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Discussion Starter · #1 ·
Anyone had any problems with the durability of the freehubs on the Vuelta wheelsets? I tried to remove my cassette from a XRP Pro Superlite this weekend and it was on solid. After some not-so-pretty removal techniques, I was finally able to get it off.

The cassette had embedded itself pretty good, and given it is made up of 4 separate gears, 1 double and 1 triple clusters, I had to fight to get every piece off. More shockingly was how soft the material was when i tried to file it smooth again...I am guessing untreated aluminum.

I was able to get it back together again, but I'm sure it wont last long. Anyone else experience this, and if so, what did you replace it with?
 

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I replaced my cassette last week and didn't have any problems removing the cassette from the hub. Once the lockring was removed, all the pieces of the cassette slid our fairly easily. I have the XRP Pro Super Lite wheel set as well.
 

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Steve: You are not alone. Because I live around flatland XC and often ride my FLY on steep mountain logging roads, I switch cassetts among my bikes often. The Vuelta freehub body is soft and deforming, making it difficult to remove the cassette(s). I'll have to replace the freehub body in the future, but I don't think I'll have problems getting through this season and the 24 hour race I am doing this weekend.

Let me know what you come up with. I'll look closer (when I have time) to see if one of my cassettes is the cause of the problem and let you know what I think.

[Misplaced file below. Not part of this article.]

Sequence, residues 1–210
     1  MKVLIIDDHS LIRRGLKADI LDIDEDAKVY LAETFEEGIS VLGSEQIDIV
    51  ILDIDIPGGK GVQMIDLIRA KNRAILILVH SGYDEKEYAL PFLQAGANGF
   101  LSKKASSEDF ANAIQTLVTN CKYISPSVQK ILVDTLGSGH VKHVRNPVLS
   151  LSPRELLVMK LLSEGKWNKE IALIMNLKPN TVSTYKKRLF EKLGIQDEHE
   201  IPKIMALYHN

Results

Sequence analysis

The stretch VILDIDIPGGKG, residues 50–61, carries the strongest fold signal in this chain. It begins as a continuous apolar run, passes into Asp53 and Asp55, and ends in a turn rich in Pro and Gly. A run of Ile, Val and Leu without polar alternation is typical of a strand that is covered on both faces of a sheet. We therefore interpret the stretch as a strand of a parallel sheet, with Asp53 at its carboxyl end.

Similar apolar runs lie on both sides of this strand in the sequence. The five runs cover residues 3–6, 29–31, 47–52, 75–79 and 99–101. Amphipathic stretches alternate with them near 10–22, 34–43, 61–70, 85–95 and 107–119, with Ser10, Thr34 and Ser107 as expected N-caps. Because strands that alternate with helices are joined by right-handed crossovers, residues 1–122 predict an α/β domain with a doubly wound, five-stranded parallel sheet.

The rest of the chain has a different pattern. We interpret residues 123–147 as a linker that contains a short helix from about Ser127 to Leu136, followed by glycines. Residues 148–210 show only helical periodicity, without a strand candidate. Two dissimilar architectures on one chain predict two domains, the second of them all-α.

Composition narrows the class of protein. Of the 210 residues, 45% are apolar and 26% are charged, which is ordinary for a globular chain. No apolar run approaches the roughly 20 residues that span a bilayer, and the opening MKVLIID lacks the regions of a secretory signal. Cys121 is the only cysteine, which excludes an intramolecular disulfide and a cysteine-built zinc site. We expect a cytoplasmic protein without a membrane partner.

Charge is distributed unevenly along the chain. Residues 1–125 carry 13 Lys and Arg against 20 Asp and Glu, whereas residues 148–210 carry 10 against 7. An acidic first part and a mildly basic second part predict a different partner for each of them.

G.
 

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Discussion Starter · #4 ·
****** said:
Steve: You are not alone. Because I live around flatland XC and often ride my FLY on steep mountain logging roads, I switch cassetts among my bikes often. The Vuelta freehub body is soft and deforming, making it difficult to remove the cassette(s). I'll have to replace the freehub body in the future, but I don't think I'll have problems getting through this season and the 24 hour race I am doing this weekend.

Let me know what you come up with. I'll look closer (when I have time) to see if one of my cassettes is the cause of the problem and let you know what I think.

G.
I think the design of the cassette and the soft-as-butter freehub together are the problem. In order to save weight, Shimano have made the cassette out of multiple individual pieces, and did not riveted them together. Instead of the load being distributed across the full width of the cassette, hi torque creates a spot load on just one gear that enables it to deform the soft freehub. The worst damage was under the high gears, with the low gears (three riveted together) showing very little damage.

The solution is either to switch to a different cassette, or a stronger (thus heavier) freehub body. I was wondering if anyone has found a light/strong freehub?
 

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I have two sets of Vuelta Team SLs. On one the freehub got pretty chewed up and I had a hard time getting the cassette off. The other is slightly worn, but not very bad. The main thing is the design of the cassette. If the cassette has a body that the sprockets attach to it is much easier on the freehub, but if they are individual sprockets held together by a rivet, they tend to shift more and damage the freehub. I got a replacement one from bikesisland and it was steel, and is much stronger. Unfortunately it is 80g heavier, which kind of defeats the purpose of a lightweight wheelset.
 

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SSteve F said: